System AutoFan - https://raw.github.com/bergware/dynamix/master/unRAIDv6/dynamix.system.autofan.plg
Schedules - https://raw.github.com/bergware/dynamix/master/unRAIDv6/dynamix.schedules.plg
System Buttons - https://raw.github.com/bergware/dynamix/master/unRAIDv6/dynamix.system.buttons.plg
Local Master - https://raw.github.com/bergware/dynamix/master/unRAIDv6/dynamix.local.master.plg
SSD TRIM - https://raw.github.com/bergware/dynamix/master/unRAIDv6/dynamix.ssd.trim.plg
File Integrity - https://raw.github.com/bergware/dynamix/master/unRAIDv6/dynamix.file.integrity.plg
SCSI Devices - https://raw.github.com/bergware/dynamix/master/unRAIDv6/dynamix.scsi.devices.plg
Date Time - https://raw.github.com/bergware/dynamix/master/unRAIDv6/dynamix.date.time.plg
You like my Dynamix plugins?
You are actually asking about a couple of different things. First, your 'Wireless Modem' (actually a wireless router/modem) is only involved with the Internet (also referred to as WWW) and the assigning of IP Addresses for devices inside of LAN for the purposes of becoming a portion of the world wide Internet. This is what allows you to connect to sites like Google, Amazon, and CNN. Things that are on the outside of you router/modem are said to be on the WAN (Wide Area Network) and things inside of the router/modem are said to be on the LAN (Local Area Network). In unRAID, we use the LAN to connect to the GUI. Everything on the Internet is accessed by its IP address and a DNS server looks up things like CNN.com and returns back the proper IP address. The router portion of your Router/modem does this for your LAN.
SMB is a second network that is totally independent of the Internet. However, it does require that all of the computers which attach to it have an IP address. There are two ways (in the modern world) to get an address assigned. The first way is to use a DHCP server. (SMB itself does not have any DHCP functionality built into it.) This will be done by your Wireless Modem. The second way is to assign the IP addresses manually. (We used to have to do this back in the days when we used dial-up modems.) (Many of us still assign assign static IP addresses to our unRAID servers. It seems to make life much simpler if one wants to use the NFS protocol.) With unRAID, most of us use SMB to gain access to the files on the array. On the SMB network, the Local Master is the server that translates your server/client name to its IP address.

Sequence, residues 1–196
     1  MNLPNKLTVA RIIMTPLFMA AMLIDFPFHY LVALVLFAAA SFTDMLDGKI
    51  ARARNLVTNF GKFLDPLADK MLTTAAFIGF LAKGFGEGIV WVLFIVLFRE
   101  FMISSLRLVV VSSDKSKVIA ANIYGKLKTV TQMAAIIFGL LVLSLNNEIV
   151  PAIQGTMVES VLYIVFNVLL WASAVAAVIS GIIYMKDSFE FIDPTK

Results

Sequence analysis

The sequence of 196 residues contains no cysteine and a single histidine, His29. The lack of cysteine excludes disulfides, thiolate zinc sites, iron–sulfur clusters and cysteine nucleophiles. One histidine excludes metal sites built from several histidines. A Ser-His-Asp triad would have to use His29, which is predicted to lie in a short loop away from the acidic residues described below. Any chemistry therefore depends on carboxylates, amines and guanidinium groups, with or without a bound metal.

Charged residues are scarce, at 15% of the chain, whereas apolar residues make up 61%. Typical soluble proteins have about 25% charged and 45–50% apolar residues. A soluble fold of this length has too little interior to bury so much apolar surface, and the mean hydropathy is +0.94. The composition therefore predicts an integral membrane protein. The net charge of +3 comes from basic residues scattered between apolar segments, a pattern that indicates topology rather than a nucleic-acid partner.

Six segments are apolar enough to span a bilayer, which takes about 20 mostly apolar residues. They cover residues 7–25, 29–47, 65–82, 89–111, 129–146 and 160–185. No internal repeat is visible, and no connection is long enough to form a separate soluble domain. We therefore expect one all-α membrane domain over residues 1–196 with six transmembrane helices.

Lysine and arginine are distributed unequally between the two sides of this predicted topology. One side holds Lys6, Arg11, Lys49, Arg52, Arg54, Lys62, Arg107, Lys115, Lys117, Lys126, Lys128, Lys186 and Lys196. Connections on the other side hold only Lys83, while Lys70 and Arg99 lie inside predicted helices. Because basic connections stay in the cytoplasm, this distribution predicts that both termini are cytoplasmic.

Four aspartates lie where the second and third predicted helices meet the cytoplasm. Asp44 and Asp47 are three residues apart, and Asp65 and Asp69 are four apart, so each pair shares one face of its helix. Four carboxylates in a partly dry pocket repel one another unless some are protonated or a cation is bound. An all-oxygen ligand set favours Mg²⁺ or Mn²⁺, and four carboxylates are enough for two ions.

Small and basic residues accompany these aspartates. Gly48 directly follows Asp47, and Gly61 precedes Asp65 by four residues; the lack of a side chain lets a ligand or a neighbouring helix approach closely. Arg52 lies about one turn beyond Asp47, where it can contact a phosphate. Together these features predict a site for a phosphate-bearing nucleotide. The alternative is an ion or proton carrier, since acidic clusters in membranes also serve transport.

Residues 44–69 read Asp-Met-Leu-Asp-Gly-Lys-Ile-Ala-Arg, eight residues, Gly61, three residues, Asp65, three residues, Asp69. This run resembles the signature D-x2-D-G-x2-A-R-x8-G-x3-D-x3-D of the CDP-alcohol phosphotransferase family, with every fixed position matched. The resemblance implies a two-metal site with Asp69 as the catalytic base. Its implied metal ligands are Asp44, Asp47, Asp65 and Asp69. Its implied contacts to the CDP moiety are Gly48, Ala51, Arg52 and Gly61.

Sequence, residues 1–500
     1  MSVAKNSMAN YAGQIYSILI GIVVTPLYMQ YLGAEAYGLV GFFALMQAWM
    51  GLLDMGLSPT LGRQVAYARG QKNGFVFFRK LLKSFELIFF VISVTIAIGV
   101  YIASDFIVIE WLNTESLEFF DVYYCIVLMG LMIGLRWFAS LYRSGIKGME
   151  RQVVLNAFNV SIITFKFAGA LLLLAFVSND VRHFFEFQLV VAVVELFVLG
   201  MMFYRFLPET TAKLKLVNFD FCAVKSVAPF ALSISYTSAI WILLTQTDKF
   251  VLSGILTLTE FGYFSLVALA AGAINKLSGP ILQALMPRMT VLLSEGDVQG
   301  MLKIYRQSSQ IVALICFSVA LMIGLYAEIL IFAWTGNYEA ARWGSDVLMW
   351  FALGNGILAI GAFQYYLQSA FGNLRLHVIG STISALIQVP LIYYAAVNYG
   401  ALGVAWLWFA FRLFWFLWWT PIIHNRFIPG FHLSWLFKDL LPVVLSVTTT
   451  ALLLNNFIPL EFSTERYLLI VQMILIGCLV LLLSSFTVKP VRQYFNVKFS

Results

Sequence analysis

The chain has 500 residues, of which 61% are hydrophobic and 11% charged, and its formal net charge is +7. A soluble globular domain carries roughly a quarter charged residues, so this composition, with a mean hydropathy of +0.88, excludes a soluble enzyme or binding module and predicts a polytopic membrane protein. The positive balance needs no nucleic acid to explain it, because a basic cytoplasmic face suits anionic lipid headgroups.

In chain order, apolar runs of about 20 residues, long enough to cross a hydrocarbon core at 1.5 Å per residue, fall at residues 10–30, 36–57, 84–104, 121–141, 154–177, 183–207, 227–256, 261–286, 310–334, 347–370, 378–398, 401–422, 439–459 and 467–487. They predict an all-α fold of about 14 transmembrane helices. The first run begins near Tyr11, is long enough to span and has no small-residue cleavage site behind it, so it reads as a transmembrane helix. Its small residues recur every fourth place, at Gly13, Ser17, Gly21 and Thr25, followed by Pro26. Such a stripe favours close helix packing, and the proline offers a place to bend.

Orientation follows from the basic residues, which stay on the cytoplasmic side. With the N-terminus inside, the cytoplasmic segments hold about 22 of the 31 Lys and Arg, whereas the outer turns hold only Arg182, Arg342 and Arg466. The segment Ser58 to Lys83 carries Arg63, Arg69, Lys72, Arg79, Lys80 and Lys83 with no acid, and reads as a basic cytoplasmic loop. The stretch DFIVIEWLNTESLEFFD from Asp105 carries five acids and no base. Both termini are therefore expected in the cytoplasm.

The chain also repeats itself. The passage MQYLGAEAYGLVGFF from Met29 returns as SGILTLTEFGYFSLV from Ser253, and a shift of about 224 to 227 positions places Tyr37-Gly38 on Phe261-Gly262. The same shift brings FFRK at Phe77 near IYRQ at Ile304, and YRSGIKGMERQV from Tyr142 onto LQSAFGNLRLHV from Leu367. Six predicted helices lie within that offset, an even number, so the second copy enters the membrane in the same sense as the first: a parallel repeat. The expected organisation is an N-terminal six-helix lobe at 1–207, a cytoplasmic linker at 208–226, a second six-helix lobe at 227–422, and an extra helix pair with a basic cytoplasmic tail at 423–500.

One more point, ANY computer or other device that runs SMB can become the Local Master. There is no restriction and many Devices (and ALL MS Windows computers) are enabled! (BTW, SMB does not require a router/Modem to work! I ran SMB on 10Base2 which was a length of RG-58A/U coax between two or more computers back in the early 1990's! And, furthermore, the original intend of SMB was to allow very small networks of computers to work together without the need of a dedicated server.)
So Yes, you do require two Masters (if you like) on your physical network. (By the way, they use the same physical layer and hardware to conduct their communication.) One to administer the LAN and WAN portion and the second to control SMB portion.
Now. let's look at the second part of your question. Go to the "Settings" page, then click on the "SMB" icon (Microsoft flag), then you will see three tabs on that page. Now, click on the "Workgroup Settings" tab. That is where you will find the information on which server is the Local Master. You will NOT see the yoda symbol UNLESS your server is the Local Master. It does not become the Local Master just because you gave it permission to be come the Local Master--- BTW, that is what the "Local master browser:" allows. It must also 'win' the periodical 'election' to become the Local Master! You also have to give it permission to monitor which computer is the Local Master by enabling the "Monitor local master election:" option. IF your server is not the Local Master, you will have to go to this page to find out which one is.
If you are having an election problem, let's take that up in a separate thread.